Best & Brightests  
 



UW AWARDS 2008 HOMEPAGE

UWEEK.ORG HOMEPAGE

DISTINGUISHED TEACHING AWARD
Ben Kerr, Biology
Gowri Shankar, Business Administration
Jaime Olavarria, Psychology
Jamie Walker, Ceramics
Julia Parrish, Aquatic and Fishery Sciences / Biology
Rebecca Aanerud, Women Studies
Richard Knuth, Education Administration

EXCELLENCE IN TEACHING AWARD
Fernanda Oyarzun & Chris Himes , Biology
Rachel Goldberg, English

DISTINGUISHED LIBRARIAN AWARD
Theresa Mudrock, UW Libraries

DISTINGUISHED STAFF AWARD
Hendrik Simons, Nuclear Physics Laboratory
Mona Pitre-Collins, Undergraduate Scholarship Office
Philip Mote, Climate Impacts Group
Robin Bennett, Medical Genetics
Sue Park, Facilities Services

DISTINGUISHED CONTRIBUTIONS TO LIFELONG LEARNING AWARD
John Schaufelberger, Construction Management

OUTSTANDING PUBLIC SERVICE AWARD
Nancy Amidei, Social Work

JAMES D. CLOWES AWARD FOR THE ADVANCEMENT OF LEARNING COMMUNITIES
Lance Bennett, Political Science / Communication

S. STERLING MUNRO PUBLIC SERVICE TEACHING AWARD
Denise Wilson, Electrical Engineering

DAVID B. THORUD LEADERSHIP AWARD
Judy Mahoney, College of Engineering
Kathleen Woodward, Simpson Center for the Humanities

MARSHA L. LANDOLT DISTINGUISHED GRADUATE MENTOR AWARD
Tom Quinn, Aquatic and Fishery Sciences

ALUMNUS SUMMA LAUDE DIGNATA
Beverly Cleary, Children's Author

ALUMNI ASSOCIATION DISTINGUISHED SERVICE AWARD
Robb Weller, Television Producer and Host

PRESIDENT'S MEDAL
June Shujun Peng and Royce Anderson

"In science, truth is provisional. I want to get the spirit of science across, to help students recognize that science is more than a collection of facts."


Ben Kerr


It almost sounds like a riddle from Alice in Wonderland: How is a microwave oven in a public area like a disease outbreak?

These are the kinds of provocative questions that Ben Kerr, one of this year's Distinguished Teaching Award winners, uses to keep students on the edge of their seats in biology classes.

"In biology, you're never more than a step away from sex and death. These are themes that generate immediate interest," he says. "The concepts cut across disciplines, with material that can be drawn from political science, economics, the arts and popular culture. They deal with universal human conditions."

Kerr, an assistant professor, was described by department chair Tom Daniel in this way: "No assistant professor in this department or any other one I have observed has ever achieved the level of innovation and engagement that Dr. Kerr has developed in his teaching portfolio."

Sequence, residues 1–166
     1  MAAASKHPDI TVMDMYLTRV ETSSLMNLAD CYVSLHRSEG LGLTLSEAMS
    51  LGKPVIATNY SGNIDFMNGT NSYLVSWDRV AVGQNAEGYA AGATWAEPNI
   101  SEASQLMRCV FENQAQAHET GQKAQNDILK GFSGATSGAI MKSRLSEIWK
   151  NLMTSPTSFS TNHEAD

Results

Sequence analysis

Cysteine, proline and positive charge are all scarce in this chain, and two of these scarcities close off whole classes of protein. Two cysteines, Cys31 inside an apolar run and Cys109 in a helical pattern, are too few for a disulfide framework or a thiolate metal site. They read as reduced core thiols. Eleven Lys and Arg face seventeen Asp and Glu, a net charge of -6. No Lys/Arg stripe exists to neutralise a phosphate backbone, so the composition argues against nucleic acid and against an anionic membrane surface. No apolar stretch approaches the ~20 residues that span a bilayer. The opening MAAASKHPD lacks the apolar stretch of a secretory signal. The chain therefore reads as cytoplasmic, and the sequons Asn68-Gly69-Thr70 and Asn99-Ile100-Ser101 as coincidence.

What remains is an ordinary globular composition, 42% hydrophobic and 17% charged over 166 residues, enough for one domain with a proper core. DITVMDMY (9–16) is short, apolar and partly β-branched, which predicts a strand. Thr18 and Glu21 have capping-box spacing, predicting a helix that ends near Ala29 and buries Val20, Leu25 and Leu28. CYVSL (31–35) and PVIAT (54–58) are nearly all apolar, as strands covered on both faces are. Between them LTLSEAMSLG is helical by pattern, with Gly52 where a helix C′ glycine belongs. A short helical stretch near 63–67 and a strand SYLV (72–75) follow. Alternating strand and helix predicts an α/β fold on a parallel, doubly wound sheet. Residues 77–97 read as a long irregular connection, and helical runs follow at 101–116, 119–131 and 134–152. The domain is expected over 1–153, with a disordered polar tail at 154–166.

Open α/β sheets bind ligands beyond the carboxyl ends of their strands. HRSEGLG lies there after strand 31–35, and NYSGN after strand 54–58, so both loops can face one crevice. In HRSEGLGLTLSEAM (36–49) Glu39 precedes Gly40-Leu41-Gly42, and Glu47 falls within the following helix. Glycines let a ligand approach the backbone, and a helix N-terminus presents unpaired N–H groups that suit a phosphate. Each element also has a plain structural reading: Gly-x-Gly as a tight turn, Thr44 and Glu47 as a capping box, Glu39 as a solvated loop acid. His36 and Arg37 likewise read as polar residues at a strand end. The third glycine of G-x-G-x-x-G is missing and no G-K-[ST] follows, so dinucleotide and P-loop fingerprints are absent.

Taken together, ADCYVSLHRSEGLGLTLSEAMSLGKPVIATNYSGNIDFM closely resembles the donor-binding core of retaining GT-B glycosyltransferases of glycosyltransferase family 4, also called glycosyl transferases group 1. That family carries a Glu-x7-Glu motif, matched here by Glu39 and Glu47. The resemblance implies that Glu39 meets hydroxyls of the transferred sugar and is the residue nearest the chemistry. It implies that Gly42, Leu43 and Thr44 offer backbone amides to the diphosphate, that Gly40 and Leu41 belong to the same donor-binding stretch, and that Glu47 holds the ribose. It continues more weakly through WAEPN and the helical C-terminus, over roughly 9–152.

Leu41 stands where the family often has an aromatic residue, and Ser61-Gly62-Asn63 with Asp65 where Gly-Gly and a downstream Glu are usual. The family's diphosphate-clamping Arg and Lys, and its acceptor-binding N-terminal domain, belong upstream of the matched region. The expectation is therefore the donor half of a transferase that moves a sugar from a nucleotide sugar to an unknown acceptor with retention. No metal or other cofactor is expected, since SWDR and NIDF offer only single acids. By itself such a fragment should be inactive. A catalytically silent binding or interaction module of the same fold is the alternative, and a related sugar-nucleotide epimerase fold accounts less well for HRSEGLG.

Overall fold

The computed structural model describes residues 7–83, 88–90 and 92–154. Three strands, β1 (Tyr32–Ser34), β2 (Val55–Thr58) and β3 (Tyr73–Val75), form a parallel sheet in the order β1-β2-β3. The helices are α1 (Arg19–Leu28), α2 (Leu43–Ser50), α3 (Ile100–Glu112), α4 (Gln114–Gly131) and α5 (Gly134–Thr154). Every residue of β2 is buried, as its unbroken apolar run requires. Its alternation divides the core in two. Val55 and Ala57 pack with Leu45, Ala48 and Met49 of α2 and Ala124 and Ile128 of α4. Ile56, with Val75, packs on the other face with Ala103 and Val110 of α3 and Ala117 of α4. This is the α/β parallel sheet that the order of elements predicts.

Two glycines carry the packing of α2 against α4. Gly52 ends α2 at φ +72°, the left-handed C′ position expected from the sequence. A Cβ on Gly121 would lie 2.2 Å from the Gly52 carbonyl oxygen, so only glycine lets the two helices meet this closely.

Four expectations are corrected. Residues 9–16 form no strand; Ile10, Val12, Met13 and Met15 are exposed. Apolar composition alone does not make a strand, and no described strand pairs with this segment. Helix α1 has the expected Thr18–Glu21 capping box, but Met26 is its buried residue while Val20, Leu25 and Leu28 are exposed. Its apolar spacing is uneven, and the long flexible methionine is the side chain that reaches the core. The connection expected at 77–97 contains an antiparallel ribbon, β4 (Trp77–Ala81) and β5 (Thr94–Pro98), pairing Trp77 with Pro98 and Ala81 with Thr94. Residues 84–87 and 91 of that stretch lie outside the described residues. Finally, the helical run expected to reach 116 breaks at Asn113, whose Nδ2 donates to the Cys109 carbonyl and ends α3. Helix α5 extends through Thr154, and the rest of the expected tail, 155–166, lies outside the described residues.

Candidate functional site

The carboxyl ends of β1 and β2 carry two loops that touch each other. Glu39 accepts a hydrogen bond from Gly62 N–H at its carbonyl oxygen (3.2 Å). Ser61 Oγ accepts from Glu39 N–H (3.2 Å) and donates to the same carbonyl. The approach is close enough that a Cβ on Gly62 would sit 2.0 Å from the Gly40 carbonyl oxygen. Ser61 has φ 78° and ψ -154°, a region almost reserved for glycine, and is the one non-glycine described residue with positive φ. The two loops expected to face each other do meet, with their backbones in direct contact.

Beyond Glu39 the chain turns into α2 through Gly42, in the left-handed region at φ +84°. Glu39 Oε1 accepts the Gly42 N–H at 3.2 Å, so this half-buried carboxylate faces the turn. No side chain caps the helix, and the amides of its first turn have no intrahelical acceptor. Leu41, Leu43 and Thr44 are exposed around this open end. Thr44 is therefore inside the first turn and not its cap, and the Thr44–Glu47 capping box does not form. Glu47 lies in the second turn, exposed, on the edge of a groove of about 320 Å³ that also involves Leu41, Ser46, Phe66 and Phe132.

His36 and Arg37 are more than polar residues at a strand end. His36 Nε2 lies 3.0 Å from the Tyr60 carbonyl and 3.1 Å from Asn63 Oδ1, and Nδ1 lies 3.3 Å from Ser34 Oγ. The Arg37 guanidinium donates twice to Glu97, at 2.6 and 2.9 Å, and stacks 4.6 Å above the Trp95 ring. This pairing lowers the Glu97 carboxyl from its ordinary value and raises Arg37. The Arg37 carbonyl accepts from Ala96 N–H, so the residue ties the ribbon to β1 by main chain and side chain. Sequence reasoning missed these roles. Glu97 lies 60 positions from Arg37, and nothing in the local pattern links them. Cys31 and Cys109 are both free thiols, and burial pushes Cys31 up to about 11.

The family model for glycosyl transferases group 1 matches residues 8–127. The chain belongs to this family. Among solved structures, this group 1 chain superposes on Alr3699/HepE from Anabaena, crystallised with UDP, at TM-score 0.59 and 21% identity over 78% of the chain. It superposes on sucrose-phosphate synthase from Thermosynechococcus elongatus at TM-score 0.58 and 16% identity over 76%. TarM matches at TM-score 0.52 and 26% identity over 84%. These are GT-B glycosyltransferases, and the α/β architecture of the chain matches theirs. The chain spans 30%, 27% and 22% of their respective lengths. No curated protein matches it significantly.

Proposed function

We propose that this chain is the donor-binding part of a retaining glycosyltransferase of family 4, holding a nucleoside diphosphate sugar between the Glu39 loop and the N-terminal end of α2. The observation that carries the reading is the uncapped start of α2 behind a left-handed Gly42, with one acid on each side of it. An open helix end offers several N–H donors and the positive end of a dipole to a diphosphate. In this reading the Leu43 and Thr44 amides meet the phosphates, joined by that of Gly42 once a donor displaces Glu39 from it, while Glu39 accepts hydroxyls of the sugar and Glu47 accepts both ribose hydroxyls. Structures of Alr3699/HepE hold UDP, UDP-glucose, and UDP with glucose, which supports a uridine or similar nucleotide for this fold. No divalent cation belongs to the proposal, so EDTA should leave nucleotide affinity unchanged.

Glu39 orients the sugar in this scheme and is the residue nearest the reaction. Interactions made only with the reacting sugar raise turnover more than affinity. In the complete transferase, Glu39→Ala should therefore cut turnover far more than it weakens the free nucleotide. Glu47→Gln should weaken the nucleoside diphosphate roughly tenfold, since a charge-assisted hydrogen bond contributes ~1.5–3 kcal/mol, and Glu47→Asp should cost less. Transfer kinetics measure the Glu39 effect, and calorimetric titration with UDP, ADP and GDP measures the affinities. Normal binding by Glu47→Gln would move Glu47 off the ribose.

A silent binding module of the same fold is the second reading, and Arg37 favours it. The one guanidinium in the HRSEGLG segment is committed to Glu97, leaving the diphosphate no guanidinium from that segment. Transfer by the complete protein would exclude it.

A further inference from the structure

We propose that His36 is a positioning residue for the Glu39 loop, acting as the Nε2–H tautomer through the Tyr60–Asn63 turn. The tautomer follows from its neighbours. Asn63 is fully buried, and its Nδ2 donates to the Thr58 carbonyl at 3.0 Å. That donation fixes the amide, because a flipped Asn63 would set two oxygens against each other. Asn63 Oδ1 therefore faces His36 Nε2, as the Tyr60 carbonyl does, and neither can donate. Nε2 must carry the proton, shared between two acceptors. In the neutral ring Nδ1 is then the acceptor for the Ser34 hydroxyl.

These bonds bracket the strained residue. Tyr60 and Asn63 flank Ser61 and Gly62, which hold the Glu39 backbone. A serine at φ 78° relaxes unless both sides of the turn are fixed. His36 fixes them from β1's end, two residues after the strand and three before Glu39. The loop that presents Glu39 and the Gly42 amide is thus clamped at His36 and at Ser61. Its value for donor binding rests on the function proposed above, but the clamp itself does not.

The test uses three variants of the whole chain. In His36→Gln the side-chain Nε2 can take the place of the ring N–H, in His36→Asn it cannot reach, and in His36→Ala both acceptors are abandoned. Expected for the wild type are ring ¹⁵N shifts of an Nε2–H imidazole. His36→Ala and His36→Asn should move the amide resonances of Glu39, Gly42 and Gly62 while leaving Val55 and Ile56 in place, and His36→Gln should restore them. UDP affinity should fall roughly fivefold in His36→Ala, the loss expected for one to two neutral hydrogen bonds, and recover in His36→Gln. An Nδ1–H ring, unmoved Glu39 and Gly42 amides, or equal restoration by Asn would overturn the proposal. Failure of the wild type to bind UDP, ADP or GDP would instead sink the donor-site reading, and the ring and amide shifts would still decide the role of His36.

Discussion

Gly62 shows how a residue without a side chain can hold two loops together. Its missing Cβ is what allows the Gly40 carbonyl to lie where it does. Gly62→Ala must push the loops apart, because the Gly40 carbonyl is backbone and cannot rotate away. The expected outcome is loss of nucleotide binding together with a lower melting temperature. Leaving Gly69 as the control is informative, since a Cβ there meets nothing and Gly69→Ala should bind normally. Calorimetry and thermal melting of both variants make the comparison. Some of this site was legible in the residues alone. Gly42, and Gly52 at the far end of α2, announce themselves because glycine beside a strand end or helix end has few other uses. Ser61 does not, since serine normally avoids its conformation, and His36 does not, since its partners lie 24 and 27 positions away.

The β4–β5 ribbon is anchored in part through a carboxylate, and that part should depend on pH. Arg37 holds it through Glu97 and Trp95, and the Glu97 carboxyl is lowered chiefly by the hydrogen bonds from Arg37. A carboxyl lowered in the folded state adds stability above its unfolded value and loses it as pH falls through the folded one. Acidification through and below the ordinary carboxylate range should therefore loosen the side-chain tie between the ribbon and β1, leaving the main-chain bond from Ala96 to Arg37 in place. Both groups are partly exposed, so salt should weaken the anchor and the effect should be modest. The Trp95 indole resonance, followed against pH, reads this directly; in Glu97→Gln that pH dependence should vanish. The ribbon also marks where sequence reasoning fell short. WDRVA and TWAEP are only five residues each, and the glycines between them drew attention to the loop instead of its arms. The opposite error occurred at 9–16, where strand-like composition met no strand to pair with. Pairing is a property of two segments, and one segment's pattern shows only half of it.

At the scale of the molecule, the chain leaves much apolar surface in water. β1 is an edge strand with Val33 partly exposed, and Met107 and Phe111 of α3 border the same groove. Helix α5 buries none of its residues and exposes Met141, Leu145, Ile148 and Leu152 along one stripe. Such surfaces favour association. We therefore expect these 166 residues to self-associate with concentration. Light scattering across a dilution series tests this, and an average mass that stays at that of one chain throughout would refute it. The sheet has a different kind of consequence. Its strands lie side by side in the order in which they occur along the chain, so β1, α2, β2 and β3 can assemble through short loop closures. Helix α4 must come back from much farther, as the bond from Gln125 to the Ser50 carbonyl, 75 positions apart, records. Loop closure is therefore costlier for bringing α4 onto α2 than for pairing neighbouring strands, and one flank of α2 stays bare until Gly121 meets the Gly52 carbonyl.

Another colleague, Associate Professor Carl Bergstrom, said, "His lectures are masterpieces that have to be seen to be believed."

Kerr says the key to his success is listening to his students, and then being willing to improvise. He calls his approach "planned uncertainty," creating a tangible level of excitement in his classroom.

Just talking with Kerr, it is easy to feel his own excitement, as if he were telling the story for the first time.

"In science, truth is provisional. I want to get the spirit of science across, to help students recognize that science is more than a collection of facts. Like all of us, scientists come to the world with certain ideas about how things work. Ultimately, these ideas are thrown at the feet of the natural world. While you can control what experiments you run and how you take data, you don't control what the world tells you. Based on this feedback, you may change your mind, alter your hypothesis."

Kerr points out that Seattle is a microcosm for exploring the nature of science. Besides being a hip, liberal city, it is also home to the Discovery Institute, one of the most active promoters of Intelligent Design, which he discusses in his class on evolution. "I like to deal with the elephant in the room, but respectfully. I believe we can separate metaphysics from methodology. While some view evolutionary biology as in conflict with religious beliefs, I view them as existing in completely different realms."

Kerr strives to keep the level of discourse high and to create an atmosphere of mutual respect. He goes to great lengths to emphasize that, for some students, human evolution is a sensitive topic -- and the class is not about questioning their beliefs. "This is a conversation about the natural world. Because evolutionary theory ties together disparate observations, ranging from fossil discoveries to biogeographic and genetic patterns, biologists see the theory as a robust and encompassing account."

In class, Kerr points out that science is about "creating a dialogue with the natural world," and that some prominent evolutionary biologists are in fact religious. "Science is a lot like normal life. In a way, it is simply a grander version of the same kind of inductive processes we use every day," he says. Kerr also works to engage students in discussions. "Science is a social endeavor," he says.

Kerr says teaching for him is very much like doing science: In science, the interaction between a scientist and the experimental environment changes both; in teaching the interaction of student and teacher also changes both, Kerr believes. Cause becomes effect and vice versa. The important distinction, for Kerr, is that a deft touch is required for the classroom environment to create this kind of magic.

"The instructors I have admired the most orchestrated the class so subtly that they seemingly removed themselves and let the students conduct the journey on their own."

This is an illusion born of hard work, according to Jevin West, one of his TAs. "As a TA, I have worked with few professors that even come close to the preparation that Ben puts into his classes, labs and study sessions," he wrote in support of the award. "Our department and our university are fortunate...to have such an outstanding example of what teaching can and should be."